Democrat u candidates "here's no use in lock
' head oft mt the dooi aftei the
Republican plans to cut horse is stolen he
Social Set said
benefits Messei said pro
'The Social v it iected deficits in the
he line So tal Securit pro
1is fall - campaign gram an be eliminated
and the Republican b increasing the
d �in c a in o u n i o Social
k s and
s.t
Me
ion 'Po
Soeia S
alread
ismantle
Securit tax v oi kei s
and emplo ei s pay;
supplementing the pro
am with general
: t dei al i c enues; or
i. utting benefits.
He contended the
administration
the Republican
Pai � tia�. e opposed
an aid oi increased
foi Social
I s and plan to cut
administration
compassion foi
t elderly, i he pooi or
ppled and in
A a S ; iMessei said, but
� tax bicaks to
barons" and
� �
ose m beSen lesse Helms,
R-N.C, and the Na-
tional Congressional
Club are backing
"hand-picked" con-
cessional candidates
who support cuts in the
Social Security pro-
gum, Messer said.
Earlier Wednesday,
two Republican state
Senate candidates from
Wake County said they
will sue Go. James B.
Hunt Jr. and Atty.
Gen. Rufus I Ed
misten to block state
employees from work-
ing for Democratic can-
didates on state time.
Robert Hassell and
Richard Titus held a
news conference to an-
nounce plans for the
suit and said Hunt and
Edmisten were named
because they are in
positions to something
about the alleged prac-
tices.
The cited two letters
to back their claim.
( me from a state Motor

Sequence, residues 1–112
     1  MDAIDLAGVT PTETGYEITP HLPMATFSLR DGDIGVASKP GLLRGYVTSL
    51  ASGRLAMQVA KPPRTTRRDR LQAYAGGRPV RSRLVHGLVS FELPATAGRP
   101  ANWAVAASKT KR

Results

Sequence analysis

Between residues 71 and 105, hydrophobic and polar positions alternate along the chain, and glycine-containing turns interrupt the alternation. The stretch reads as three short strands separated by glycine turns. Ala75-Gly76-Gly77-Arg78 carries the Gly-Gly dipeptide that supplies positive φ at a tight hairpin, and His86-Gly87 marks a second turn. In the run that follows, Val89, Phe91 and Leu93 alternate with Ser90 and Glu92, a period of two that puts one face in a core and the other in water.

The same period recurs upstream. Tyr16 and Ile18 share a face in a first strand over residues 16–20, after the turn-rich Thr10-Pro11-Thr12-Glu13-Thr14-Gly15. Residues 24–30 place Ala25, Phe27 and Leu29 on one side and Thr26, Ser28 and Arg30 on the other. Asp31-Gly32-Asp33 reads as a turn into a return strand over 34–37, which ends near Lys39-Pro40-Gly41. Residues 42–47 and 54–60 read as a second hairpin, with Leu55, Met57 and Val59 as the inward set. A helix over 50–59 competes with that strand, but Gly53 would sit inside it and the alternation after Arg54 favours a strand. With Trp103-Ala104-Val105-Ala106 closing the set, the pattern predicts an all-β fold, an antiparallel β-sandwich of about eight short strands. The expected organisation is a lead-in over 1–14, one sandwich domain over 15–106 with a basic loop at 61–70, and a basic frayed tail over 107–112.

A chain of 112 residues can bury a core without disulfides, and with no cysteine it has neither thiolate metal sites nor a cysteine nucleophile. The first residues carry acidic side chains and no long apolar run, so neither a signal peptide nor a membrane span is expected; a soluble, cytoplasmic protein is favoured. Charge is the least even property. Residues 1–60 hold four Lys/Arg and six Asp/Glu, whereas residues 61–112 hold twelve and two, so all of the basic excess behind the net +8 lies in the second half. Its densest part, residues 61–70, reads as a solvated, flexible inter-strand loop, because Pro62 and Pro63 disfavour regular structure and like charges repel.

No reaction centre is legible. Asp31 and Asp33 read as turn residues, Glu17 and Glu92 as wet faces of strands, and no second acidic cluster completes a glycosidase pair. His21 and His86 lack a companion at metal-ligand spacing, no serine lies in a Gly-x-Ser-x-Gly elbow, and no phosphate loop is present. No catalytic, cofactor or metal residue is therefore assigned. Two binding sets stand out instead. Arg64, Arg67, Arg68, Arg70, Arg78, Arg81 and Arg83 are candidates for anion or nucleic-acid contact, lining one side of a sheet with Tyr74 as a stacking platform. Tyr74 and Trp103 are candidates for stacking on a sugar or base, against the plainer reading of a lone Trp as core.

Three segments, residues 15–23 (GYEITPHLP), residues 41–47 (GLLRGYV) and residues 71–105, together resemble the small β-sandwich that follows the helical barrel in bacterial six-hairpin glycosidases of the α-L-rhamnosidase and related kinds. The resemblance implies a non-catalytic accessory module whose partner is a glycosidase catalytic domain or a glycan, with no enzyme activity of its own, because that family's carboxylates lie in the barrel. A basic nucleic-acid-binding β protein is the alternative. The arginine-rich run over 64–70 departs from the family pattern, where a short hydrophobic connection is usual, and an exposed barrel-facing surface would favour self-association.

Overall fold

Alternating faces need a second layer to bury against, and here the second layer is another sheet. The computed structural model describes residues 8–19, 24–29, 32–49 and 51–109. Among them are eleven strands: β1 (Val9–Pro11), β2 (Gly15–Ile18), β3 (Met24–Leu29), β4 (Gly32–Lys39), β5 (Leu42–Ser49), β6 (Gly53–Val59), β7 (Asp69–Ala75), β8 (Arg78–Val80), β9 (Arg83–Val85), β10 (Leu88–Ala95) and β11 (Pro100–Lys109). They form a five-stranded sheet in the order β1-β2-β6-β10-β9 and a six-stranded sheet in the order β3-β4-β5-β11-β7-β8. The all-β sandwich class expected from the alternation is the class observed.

Vehicles employee in-
vited people to a birth-
day party for 4th
District Rep Ike An-
drews, D-N.C, and
listed a state telephone
number for calls.
The second was writ-
ten by Wayne
McDevitt, who has
taken a leave from his
job as head of the
Western Governor's
Office to head the
Democratic Party's
"Unity Campaign" for
this fall.
In the letter,
McDevitt said he would
be on leave during the
campaign season.
"This is just the tip
ot the iceberg said
Titus, who claimed he
has received several
other reports of state
workers using state
time and equipment for
political purposes.
McDevitt said
Wednesday he sent the
letters to "detail the
management system"
in the Western Gover-
nor's Office during his
absence and only b
were sent at state ex-
pense to state
legislators. Another 97
copies were mailed at
private expense, he
said.
State Employee Indicted
Bl K

i
eed 9

-
1
1 mplo ee
w ar d'
' i the in-
E v e r e 11 e
o w hat ap
�; processors
esota, Georgia
r'ork between
1981 and April
I he indicment
the 111m
tained obscene,
: cr ious, mde-
� h and v ile
a minor
aeed in sexual
dozen people accused
ol various crimes in in-
dictments returned
Wednesday
were.
R a 1 pn
Kennel! of
M,
said Everette
irraigned in
21. I!
faces a
sentence ot
: isonment
�ne ol a
The others
D e W a y n e
Pink Hill,
accused of threatening